Gaming inherently can capture information and retain attention like no other form of media. It lets us experience digital worlds from a first-person perspective (e.g. “While playing, I overcame the challenge to reach the end of the level”), allowing for a more active role in acquiring and formulating ideas. According to the IGEA report, over 75% of adults agree that gamification of education helps increase general and specialised knowledge. 

This is also because of the combination of audio and visual storytelling. The Learning Pyramid model suggests that some study methods are more effective than others, and those varying study methods will lead to deeper learning and longer-term retention.

  • The model posits that a combination of audio-visual, demonstration and practice has a higher level of retention and learning. This is also what makes games an excellent tool for communication.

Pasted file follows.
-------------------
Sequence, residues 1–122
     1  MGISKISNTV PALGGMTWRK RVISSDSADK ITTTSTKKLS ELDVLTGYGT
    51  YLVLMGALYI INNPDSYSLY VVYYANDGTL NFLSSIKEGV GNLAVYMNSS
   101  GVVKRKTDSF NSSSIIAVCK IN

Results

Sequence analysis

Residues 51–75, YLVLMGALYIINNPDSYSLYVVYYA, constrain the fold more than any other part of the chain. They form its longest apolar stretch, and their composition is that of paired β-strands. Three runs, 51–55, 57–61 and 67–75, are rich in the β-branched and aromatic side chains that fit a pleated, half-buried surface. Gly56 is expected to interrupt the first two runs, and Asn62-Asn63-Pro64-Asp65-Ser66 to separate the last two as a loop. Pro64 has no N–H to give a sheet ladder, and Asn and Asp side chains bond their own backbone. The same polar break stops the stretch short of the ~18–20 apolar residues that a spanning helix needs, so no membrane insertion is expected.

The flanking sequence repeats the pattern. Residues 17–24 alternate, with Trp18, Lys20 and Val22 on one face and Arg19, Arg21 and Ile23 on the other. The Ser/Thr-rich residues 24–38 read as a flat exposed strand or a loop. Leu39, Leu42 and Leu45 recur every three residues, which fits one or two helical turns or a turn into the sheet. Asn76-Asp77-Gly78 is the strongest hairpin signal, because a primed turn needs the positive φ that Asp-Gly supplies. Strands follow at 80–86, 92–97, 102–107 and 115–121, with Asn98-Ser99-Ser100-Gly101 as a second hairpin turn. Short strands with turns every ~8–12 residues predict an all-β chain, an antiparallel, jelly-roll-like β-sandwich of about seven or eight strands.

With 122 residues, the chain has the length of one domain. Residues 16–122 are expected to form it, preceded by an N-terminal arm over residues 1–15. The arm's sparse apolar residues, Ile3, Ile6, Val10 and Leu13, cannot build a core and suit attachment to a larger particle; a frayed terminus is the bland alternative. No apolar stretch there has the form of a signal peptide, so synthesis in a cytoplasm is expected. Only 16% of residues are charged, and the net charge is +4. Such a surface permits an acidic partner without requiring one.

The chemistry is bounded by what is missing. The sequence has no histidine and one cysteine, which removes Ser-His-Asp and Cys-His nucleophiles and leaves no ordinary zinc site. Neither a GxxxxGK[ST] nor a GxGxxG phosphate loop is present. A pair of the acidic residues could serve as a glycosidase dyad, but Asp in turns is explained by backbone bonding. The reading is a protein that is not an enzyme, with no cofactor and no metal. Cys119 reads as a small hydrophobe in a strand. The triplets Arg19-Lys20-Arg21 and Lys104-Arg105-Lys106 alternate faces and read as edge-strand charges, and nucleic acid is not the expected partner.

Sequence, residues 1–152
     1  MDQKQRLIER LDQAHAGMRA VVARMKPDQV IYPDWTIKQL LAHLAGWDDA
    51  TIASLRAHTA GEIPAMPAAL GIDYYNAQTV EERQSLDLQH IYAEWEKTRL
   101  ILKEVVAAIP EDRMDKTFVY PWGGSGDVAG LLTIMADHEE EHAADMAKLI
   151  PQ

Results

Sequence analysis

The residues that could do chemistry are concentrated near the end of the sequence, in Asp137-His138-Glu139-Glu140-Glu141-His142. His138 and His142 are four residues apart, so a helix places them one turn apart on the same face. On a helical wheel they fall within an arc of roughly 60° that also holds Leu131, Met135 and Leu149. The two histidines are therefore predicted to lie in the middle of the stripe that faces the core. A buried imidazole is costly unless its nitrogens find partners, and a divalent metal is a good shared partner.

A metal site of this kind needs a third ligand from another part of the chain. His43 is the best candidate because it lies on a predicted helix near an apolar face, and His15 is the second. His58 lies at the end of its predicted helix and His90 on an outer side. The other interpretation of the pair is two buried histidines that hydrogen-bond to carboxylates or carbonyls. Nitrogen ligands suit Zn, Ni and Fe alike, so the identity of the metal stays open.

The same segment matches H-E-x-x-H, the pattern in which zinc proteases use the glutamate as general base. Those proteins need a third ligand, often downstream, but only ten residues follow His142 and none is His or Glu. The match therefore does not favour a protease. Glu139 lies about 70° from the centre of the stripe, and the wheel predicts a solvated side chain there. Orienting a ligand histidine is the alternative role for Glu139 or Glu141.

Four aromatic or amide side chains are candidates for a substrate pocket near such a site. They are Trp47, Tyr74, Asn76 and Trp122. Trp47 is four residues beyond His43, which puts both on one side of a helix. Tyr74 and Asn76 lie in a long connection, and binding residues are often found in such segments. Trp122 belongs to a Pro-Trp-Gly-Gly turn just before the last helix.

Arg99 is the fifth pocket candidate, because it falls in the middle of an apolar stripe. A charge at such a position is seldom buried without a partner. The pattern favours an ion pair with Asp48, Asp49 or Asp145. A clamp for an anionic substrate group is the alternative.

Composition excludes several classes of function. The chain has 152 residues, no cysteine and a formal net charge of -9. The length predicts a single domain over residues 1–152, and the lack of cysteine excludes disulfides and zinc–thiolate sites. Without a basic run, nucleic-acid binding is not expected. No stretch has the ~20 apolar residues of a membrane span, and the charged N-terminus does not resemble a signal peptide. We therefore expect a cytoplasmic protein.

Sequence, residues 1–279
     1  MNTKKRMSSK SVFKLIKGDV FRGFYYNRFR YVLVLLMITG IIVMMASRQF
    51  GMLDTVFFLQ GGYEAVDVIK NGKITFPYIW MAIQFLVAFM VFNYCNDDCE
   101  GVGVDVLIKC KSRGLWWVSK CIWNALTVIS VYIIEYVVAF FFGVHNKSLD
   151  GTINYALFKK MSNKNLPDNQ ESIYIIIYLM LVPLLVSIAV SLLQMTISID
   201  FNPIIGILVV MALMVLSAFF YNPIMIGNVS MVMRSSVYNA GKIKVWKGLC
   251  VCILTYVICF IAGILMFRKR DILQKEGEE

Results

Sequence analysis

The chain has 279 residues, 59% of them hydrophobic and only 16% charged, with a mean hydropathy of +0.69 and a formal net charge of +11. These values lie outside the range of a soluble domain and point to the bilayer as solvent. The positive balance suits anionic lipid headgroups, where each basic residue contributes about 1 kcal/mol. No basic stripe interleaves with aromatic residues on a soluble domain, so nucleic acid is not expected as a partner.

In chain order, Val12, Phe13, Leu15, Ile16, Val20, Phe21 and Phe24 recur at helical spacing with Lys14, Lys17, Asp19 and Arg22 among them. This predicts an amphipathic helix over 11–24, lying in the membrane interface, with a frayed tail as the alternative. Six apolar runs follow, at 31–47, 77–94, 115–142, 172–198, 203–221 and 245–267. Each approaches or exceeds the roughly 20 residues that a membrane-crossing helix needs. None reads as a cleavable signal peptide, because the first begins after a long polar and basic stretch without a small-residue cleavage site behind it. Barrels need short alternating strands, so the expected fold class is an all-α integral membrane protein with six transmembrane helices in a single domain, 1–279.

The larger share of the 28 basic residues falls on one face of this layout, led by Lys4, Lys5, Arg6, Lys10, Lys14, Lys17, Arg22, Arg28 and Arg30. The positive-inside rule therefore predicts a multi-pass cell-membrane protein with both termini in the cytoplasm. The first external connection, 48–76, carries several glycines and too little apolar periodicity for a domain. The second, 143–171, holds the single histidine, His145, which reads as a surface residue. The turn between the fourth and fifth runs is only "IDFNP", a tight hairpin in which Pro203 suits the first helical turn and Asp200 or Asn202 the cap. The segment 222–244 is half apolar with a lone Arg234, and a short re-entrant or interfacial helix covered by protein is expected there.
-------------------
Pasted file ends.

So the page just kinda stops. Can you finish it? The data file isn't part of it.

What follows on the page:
• Thus, gaming has the potential for a higher level of auditory, visual and kinesthetic communication.

Similarly, businesses can also greatly benefit from the advantages of gaming’s immersive nature. A study by Brigham Young University showed that teams that played video games together for 45 minutes performed 20% better than those that took part in generic team-building exercises.

This has also been proven in the workforce today. About 60% of workers feel more motivated and resourceful if their training is gamified. Because of the advanced effectiveness, many companies are turning to gamify their productivity and training. For example, Freshworks started FreshDesk Arcade to boost customer service capabilities through quests, points and badges. The fun-based competition through the app improved efficiency, effectiveness and much higher levels of engagement throughout the team. This achieved outstanding reviews from over 2,500 of their clients and an end-of-year increase in revenue of 1000%